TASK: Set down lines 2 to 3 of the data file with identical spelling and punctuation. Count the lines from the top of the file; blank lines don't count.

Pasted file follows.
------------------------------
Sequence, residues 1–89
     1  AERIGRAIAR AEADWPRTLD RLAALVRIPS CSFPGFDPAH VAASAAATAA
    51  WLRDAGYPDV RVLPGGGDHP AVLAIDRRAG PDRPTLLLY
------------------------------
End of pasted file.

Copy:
     1  AERIGRAIAR AEADWPRTLD RLAALVRIPS CSFPGFDPAH VAASAAATAA
    51  WLRDAGYPDV RVLPGGGDHP AVLAIDRRAG PDRPTLLLY